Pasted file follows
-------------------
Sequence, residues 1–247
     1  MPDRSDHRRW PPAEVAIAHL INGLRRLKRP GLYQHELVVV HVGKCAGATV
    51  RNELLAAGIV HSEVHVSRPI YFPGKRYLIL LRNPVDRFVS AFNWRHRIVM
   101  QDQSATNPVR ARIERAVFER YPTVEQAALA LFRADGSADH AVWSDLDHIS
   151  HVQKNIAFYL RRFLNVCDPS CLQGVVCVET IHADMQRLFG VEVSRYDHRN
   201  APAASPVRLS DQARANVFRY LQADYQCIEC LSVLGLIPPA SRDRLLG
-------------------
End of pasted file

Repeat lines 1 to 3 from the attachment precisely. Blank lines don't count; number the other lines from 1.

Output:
Sequence, residues 1–247
     1  MPDRSDHRRW PPAEVAIAHL INGLRRLKRP GLYQHELVVV HVGKCAGATV
    51  RNELLAAGIV HSEVHVSRPI YFPGKRYLIL LRNPVDRFVS AFNWRHRIVM